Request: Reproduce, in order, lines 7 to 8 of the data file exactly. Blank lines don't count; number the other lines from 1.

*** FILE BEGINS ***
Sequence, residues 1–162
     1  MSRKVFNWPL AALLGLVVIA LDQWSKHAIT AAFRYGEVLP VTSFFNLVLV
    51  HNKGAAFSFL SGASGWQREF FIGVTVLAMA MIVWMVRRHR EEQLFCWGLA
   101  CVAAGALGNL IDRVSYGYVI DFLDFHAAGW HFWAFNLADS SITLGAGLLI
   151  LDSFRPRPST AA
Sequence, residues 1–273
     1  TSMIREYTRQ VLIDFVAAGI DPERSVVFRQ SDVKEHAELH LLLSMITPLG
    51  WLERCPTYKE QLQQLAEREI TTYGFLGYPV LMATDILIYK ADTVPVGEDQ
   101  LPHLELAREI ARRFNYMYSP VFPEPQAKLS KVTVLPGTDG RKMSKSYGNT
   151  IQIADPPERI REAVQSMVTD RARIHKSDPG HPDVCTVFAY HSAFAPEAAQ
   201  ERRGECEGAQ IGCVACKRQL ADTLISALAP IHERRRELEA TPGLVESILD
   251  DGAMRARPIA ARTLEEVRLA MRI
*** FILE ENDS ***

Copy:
     1  TSMIREYTRQ VLIDFVAAGI DPERSVVFRQ SDVKEHAELH LLLSMITPLG
    51  WLERCPTYKE QLQQLAEREI TTYGFLGYPV LMATDILIYK ADTVPVGEDQ